Chef Miguel Veiga is one of Rewilding Portugal’s oldest partners, having already provided catering services in several of our events and being part of this big family. Recently, he also became a member of the Wild Côa Network to further strengthen this connection and increase synergies with other members.
Tell us about your catering project, as well as the various products that you currently have available for sale to the public as part of your activity.
Well, my project “Chef Chez Toi” started in 2008, when I started making my own seitan, which was called “Seitan666” and sold it in packages of about 666gr. Meanwhile, at the same time, we started having dinner parties with friends, where I almost always cooked, and it was after visiting New York, where I went to see a vegetarian cooking school, that I got the bug to become a professional in this area of cooking. With the crisis at that time, the price of the course increased, which made me choose to return to London, where I had lived before, and work in vegetarian restaurants to learn the trade at a more professional level. I returned to Portugal in the summer of 2010, and in 2011 I enrolled in a one-year cooking course at the Escola Superior de Turismo e Hotelaria, to certify the knowledge that I had brought from abroad. The project officially came about then and gained momentum as time went by. Now I serve meals at our Quinta das Vinte Quelhas, in Aldeia Viçosa, in Vale do Mondego, and I also cook at the homes of people who request it. I also have a weekly takeaway service, with a pack of five meals that can be frozen and used later, and that can be taken to work, for example. I have also created several unique products in recent years: the seven veganBurgers; a totally vegan ramen broth, fermented pâtés, homemade granola, and I also produce several vegetables on the farm, as I think food should always be made according to seasonality. All these products are available by order. I also give workshops, do catering and weddings, and also field trips around wild mushrooms, an ingredient I love and always try to learn more about.
You have done numerous external catering services for Rewilding Portugal, including major events. How do you see this growing collaboration?
I have been doing more and more events for Rewilding Portugal and it is something that makes me happy, first because it is an organization with which I identify a lot… I love nature and I think that Portugal is far from having a balanced biodiversity, we lack a lot of fauna, especially large herbivores that can help in the “cleaning” of the vegetation. Therefore, I look at this collaboration with good eyes and much happiness because I keep track of the various activities and initiatives that are being made and I am extremely happy to be able to have a small role in this great gear, leaving people with full bellies and smiles on their faces with what I am serving them. I think that a connection with the endogenous products of our area and the area where Rewilding works, and someone who prepares or presents them in a meal, is an added value for both the region, which is being known “across the border”, as well as for the local economy, because those who come from abroad spread the word, and can generate more and more interest in getting to know this region of the Interior.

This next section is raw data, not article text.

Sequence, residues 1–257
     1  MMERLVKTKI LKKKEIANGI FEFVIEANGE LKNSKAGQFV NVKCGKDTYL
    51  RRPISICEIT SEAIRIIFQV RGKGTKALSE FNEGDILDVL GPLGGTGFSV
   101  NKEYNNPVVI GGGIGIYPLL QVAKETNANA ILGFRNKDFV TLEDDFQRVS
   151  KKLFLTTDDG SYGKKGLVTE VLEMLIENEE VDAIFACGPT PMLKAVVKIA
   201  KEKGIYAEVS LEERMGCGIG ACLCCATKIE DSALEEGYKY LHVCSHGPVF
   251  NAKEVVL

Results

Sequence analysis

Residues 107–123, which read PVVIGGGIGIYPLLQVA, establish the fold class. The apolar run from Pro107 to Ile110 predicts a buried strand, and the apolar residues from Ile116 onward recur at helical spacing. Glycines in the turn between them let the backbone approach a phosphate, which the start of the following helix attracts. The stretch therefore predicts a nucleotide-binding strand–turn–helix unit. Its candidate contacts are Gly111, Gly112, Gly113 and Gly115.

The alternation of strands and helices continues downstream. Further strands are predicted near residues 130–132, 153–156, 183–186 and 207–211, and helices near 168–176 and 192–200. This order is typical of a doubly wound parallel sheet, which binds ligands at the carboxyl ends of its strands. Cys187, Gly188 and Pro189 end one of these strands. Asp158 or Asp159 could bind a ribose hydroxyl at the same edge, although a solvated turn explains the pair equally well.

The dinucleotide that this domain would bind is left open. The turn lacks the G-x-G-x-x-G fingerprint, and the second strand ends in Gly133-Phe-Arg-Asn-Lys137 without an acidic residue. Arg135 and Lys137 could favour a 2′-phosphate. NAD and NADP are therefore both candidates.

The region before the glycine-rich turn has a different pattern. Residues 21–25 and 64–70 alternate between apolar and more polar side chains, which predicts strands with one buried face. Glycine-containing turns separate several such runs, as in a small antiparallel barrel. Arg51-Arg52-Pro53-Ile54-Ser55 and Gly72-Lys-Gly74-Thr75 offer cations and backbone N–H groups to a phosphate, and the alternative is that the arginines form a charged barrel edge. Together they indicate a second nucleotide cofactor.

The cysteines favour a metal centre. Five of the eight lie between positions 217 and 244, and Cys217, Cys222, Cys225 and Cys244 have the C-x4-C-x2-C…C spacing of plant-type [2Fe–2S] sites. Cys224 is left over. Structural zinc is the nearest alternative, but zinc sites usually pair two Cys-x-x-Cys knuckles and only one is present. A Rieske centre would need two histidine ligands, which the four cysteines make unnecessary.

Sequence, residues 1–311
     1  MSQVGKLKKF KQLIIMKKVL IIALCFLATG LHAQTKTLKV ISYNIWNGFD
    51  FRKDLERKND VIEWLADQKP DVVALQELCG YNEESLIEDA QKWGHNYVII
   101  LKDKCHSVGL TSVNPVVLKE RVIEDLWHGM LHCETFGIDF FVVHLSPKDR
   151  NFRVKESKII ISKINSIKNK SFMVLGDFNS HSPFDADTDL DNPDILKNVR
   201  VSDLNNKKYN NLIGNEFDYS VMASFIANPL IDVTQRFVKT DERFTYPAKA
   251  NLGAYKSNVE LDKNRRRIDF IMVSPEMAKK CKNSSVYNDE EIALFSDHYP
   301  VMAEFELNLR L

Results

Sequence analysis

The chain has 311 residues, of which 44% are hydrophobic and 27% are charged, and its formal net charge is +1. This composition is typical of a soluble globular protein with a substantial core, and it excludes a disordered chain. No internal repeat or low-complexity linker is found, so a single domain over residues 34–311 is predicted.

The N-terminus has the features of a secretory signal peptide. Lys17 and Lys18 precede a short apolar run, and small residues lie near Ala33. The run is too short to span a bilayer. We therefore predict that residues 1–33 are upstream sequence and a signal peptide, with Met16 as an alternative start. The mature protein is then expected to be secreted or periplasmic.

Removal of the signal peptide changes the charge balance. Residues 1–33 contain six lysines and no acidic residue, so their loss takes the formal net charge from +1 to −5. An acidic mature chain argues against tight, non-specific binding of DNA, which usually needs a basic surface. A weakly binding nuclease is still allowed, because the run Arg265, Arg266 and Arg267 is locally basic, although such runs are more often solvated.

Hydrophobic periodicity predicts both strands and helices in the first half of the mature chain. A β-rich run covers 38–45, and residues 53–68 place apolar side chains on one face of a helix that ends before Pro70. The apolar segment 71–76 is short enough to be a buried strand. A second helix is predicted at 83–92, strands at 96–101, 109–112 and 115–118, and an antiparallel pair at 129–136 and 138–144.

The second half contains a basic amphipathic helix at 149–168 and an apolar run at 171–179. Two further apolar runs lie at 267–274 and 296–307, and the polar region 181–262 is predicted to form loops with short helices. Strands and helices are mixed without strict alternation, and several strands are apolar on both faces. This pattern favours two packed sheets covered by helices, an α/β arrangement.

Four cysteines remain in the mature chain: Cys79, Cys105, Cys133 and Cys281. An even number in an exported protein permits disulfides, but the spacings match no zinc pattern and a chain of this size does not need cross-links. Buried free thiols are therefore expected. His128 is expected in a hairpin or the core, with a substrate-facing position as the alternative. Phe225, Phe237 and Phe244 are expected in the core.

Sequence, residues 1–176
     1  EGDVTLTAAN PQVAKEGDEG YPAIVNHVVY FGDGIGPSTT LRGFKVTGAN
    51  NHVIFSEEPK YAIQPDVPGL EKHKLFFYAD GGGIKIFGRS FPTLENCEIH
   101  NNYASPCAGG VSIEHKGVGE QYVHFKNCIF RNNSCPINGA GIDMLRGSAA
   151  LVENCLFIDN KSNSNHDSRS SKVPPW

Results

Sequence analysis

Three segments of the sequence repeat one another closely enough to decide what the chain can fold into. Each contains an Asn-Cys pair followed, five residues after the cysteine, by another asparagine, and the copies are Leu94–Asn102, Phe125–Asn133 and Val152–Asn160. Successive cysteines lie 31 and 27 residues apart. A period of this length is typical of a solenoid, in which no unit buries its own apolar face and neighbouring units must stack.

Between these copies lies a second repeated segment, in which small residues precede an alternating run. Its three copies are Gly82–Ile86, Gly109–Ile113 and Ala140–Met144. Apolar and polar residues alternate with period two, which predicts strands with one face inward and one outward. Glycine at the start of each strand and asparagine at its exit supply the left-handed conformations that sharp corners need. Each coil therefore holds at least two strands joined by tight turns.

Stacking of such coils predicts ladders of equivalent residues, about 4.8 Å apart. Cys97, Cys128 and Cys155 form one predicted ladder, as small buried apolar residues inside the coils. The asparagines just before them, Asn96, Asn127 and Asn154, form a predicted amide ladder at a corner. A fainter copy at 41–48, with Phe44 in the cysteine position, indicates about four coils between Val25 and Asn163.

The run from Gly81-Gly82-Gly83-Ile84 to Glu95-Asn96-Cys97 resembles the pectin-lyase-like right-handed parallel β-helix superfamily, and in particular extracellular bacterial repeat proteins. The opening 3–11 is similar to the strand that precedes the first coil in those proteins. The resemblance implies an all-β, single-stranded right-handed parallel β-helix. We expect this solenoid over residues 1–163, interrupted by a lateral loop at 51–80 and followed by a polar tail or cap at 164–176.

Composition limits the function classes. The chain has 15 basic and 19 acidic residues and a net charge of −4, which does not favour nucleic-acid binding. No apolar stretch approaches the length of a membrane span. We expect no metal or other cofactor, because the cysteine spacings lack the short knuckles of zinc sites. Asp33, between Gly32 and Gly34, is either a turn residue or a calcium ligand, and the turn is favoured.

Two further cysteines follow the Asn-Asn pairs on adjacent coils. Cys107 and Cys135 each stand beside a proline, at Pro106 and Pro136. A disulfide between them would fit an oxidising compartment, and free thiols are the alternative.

Meanwhile, you have joined the Wild Côa Network, both with catering and food products. How do you see the added value that this network can bring to your business?
I think this network will benefit me as well as other members, since it is a way to make known what is done here, whether in terms of endogenous products or services. There is no better advertising than word of mouth, and if someone likes what they take away from here, they will certainly tell other people about it, thus creating a certain curiosity in others, which may result in more people wanting to experience those same experiences, bringing them here and consuming the good things that are produced here.
You have developed many of your services using the facilities of the Rewilding Center. Do you consider this space an asset to the region and why?
No doubt the Vale de Madeira Rewilding Center is an asset to the region, because besides being close to areas managed by Rewilding Portugal and the beautiful river beach on the river Côa right next door, it is in a village characteristic of the region and with an aging population, something common throughout the Interior of Portugal. Besides, it has an excellent geographical location! It is right next to Pinhel, the Falcon town with its Medieval castle, a good wine growing area, good local craftsmen, and the land of the famous Cavacas. And it is close to several historical and special places in the region too: Trancoso, Moreira do Rei, Mêda, Marialva, Longroiva, Almeida, Guarda… It is also very close to the Douro and the mouth of the Côa river, with its mythical cave paintings site, which is without a doubt a magical place too. And it is also near the Serra da Estrela Natural Park. I really think that the Vale de Madeira Rewilding Center is an excellent place to use as a “base of operations” for tourists to stay and explore this region of ours. With the development of this space, small businesses can also develop in the surrounding region, which can be a reversal of the trend that only an aging population lives in these villages, because a regional economy is created again, now based on nature. Just see that: the local shepherd now has a livestock guarding dog integrated by Rewilding Portugal; that there are young people from the region who now belong to the organization’s surveillance team, having a fundamental role in fire prevention; the owner of the old village café providing me vegetables from her garden to serve… Rewilding creates life, in a village with very few people, with nature tourism being a diamond in the rough in this region.